October 16, 2017 at 12:19 am

Collapse of Global Warming Deception Triggers Variety of Bailouts and Revisionism


Dr. Tim Ball, Climate Science,
Via WattsUpWithThat.com

Guest opinion: Dr. Tim Ball

We will see an increasing number of people changing their positions on global warming as the global warming ship sinks. It will take various forms including; articles appearing that subtly shift previously held positions; reevaluation of data; or finding new evidence that allows a change and perhaps worst of all those who say they knew the science was wrong all along but did not consider it important to speak out; dredging up a sentence or two from their writings that they claim showed they knew. The level of inventiveness will astonish as rats desert the sinking ship.

I am not well disposed to any of these people since the evidence was there all along. They chose not to see it, for a variety of reasons none of which are valid and as the old proverb says there are none so blind as those who will not see. I admit I hold some animosity to this group as I head to Vancouver for my first of two trials [although I received three lawsuits all from the same lawyer and all from members of the Intergovernmental Panel on Climate Change (IPCC)] trial for speaking out against the misuse of science for a political agenda and the scientific deception and corruption this engendered. When I realize that if even a few of these people had spoken out I would likely not have suffered the lawsuits, personal attacks, death threats and career limiting denial of funding, loss of speaking opportunities, and having my wife cry now if someone knocks on my door at four on a Friday afternoon because that is the time that all three court summons were delivered. The timing was deliberate as I only had 48 hours to respond.

I am glad Mr. McCarter finally saw the light as expressed in his article “Naïve scientists awakens to the politics underlying climate change”, but it is too late, too easy and self-serving. It is precisely his ‘I don’t want to know attitude’ that the perpetrators of the global warming deception knew would happen and exploited. What he doesn’t know is that the three Strategic Lawsuits against Public Participation (SLAPP) I received were not only to silence me but also to have a much wider chilling effect against anyone else who dared to speak out. It was very effective because of the silence of so many who didn’t want to know. There is safety in numbers, but a majority chose to say and do nothing. I know first-hand what Voltaire meant when he said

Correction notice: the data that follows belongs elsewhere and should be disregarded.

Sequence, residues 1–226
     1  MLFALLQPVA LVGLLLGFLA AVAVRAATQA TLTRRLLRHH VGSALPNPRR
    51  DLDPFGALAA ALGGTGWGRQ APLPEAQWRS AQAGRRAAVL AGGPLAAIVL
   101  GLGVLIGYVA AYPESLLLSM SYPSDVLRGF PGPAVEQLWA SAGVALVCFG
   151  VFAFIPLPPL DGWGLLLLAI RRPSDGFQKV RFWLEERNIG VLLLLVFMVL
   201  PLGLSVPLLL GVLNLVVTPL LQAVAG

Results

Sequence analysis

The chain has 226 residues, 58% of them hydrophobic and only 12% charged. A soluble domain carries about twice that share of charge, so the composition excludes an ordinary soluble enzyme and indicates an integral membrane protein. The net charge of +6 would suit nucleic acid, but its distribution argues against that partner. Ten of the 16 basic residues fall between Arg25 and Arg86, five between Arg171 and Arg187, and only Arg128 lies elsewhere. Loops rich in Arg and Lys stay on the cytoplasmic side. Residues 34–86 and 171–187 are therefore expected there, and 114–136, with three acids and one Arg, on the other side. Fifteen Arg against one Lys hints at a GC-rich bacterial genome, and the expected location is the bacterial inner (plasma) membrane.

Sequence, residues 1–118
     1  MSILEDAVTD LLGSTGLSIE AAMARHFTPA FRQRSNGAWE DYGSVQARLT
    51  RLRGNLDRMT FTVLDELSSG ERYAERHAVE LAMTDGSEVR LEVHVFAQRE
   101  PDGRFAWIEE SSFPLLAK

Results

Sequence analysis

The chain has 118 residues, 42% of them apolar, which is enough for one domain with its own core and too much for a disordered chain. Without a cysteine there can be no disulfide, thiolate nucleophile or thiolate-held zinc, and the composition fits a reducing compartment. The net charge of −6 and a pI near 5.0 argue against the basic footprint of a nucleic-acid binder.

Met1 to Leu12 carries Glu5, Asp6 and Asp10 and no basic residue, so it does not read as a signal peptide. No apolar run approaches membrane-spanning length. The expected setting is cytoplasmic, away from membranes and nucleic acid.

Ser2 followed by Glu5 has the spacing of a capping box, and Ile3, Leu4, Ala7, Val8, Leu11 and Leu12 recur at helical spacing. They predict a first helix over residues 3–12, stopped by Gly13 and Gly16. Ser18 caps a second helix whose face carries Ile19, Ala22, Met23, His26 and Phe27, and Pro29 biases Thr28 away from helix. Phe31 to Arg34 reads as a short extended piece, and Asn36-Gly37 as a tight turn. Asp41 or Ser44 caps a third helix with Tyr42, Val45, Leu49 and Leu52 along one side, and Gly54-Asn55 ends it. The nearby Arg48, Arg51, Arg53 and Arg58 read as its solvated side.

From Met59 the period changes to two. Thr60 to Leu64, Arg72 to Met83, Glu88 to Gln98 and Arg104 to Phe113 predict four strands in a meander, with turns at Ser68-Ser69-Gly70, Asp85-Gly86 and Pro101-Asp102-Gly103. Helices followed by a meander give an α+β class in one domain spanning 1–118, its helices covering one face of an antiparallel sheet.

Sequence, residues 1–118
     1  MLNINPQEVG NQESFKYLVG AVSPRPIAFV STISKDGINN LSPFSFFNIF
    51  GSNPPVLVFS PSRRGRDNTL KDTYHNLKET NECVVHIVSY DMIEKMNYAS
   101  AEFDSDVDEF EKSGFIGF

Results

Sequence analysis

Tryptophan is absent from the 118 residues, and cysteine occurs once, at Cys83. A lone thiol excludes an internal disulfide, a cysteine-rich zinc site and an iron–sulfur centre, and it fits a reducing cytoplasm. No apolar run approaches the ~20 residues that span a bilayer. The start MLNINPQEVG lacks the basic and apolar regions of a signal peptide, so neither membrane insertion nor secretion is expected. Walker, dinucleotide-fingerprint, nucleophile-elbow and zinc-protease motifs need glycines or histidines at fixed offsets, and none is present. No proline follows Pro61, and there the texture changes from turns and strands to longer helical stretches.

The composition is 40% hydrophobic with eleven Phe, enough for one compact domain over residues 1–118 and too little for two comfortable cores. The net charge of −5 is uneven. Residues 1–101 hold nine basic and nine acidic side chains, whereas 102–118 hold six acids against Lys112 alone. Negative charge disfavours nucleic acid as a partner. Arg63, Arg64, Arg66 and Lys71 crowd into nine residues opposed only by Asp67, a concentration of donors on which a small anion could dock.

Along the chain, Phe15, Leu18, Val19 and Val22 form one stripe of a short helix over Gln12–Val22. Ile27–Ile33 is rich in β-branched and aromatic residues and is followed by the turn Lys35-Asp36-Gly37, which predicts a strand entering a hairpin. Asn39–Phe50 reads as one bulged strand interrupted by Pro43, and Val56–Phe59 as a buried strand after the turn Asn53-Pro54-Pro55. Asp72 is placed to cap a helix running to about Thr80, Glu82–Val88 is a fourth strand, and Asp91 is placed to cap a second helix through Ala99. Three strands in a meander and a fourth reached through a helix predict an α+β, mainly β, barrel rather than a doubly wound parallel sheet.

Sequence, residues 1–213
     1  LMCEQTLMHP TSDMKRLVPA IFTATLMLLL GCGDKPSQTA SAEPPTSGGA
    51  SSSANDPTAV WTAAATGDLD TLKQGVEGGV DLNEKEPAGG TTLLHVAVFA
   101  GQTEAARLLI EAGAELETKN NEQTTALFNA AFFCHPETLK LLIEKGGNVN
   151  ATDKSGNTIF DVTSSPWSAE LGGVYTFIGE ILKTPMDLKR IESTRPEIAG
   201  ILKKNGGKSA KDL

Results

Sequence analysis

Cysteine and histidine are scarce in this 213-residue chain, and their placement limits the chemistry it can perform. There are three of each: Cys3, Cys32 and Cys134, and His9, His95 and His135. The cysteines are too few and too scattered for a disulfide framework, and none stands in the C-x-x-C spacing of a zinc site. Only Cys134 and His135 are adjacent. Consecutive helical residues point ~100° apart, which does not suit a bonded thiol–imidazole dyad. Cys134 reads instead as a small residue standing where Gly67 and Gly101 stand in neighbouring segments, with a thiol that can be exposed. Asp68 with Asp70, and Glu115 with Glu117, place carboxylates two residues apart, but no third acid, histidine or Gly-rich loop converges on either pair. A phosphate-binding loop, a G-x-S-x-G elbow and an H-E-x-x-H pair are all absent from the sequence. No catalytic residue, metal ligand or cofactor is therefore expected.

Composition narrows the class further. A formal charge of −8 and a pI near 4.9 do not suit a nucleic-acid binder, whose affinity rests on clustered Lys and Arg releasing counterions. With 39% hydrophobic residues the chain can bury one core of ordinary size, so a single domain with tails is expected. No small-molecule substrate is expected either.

“It is dangerous to be right in matters where established men are wrong.”

Or for my fellow Canadian

Il est dangereux d’avoir raison dans des choses où des hommes accrédités ont tort.

Why didn’t McCarter act when the emails were leaked from the Climatic Research Unit (CRU) providing clear evidence that it was more than politics but included the abuse of science by scientists? Here is a list of the activities set out by Mosher and Fuller.

· Actively worked to evade (Steve) Mcintyre’s Freedom of Information requests, deleting emails, documents, and even climate data

· Tried to corrupt the peer-review principles that are the mainstay of modern science, reviewing each other’s’ work, sabotaging efforts of opponents trying to publish their own work, and threatening editors of journals who didn’t bow to their demands

· Changed the shape of their own data in materials shown to politicians charged with changing the shape of our world, ‘hiding the decline’ that showed their data could not be trusted.

Even if only half these charges are true, they are activities that would and should have triggered McCarter to action. It appears they did not, so the question is how much more did he need? How are things any different now that causes McCarter to respond? The apparent answer is that there are no consequences and he will be praised for his enlightenment and forgiven for his failures. Sorry, it is far too late, inadequate, and unworthy of praise. How much damage has occurred because of decisions he made to ignore the problems.

Massive amounts of damage have already occurred. People, economies, and societies have already suffered enormously. He watched as others suffered attacks, lawsuits, and bullying and did nothing. As Edmund Burke said, “All that is necessary for the triumph of evil is that good men do nothing.” I think that the fact they did nothing eliminates them from being called good men. McCarter apologizes for Naomi Klein as a fellow Canadian, but where was he when she was appointed to Pope Francis’ committee on global warming helping him to draft the Laudate Si Encyclical? As he admits, he knew there were problems but rationalized they were political, and as a scientist, he could ignore them. He made a conscious decision to look the other way; now he wants absolution and even praises after a perfunctory mea culpa.

It is easy now as the tide is turning because Trump had the courage to cancel the Paris Climate Agreement. It is easy to jump on “the deception shouldn’t have happened” bandwagon. I can’t tell you how many people felt they were supporting me by telling me privately they agreed with me. Presumably, this absolved their conscience, but when the opportunity to speak arose at least 95 percent of them were nowhere to be seen. I used to try and understand that people did not want to lose their jobs or their income, but I don’t anymore because it is precisely this weakness that makes them vulnerable to bullies and exploiters. McCarter, by his own admission, hasn’t learned much. “So having had doubt about climate change being a political rather than scientific problem I am now a bit wiser.” Only a bit? If he had taken even a limited quiet look at what was going on, he would be a lot wiser. If he spoke out even minimally at the start, he would have experienced the push back and learned how political and nasty the attacks. He chose not to do that, and now he wants absolution for that failure. Sorry, it is too late unless he offers more than hand waving.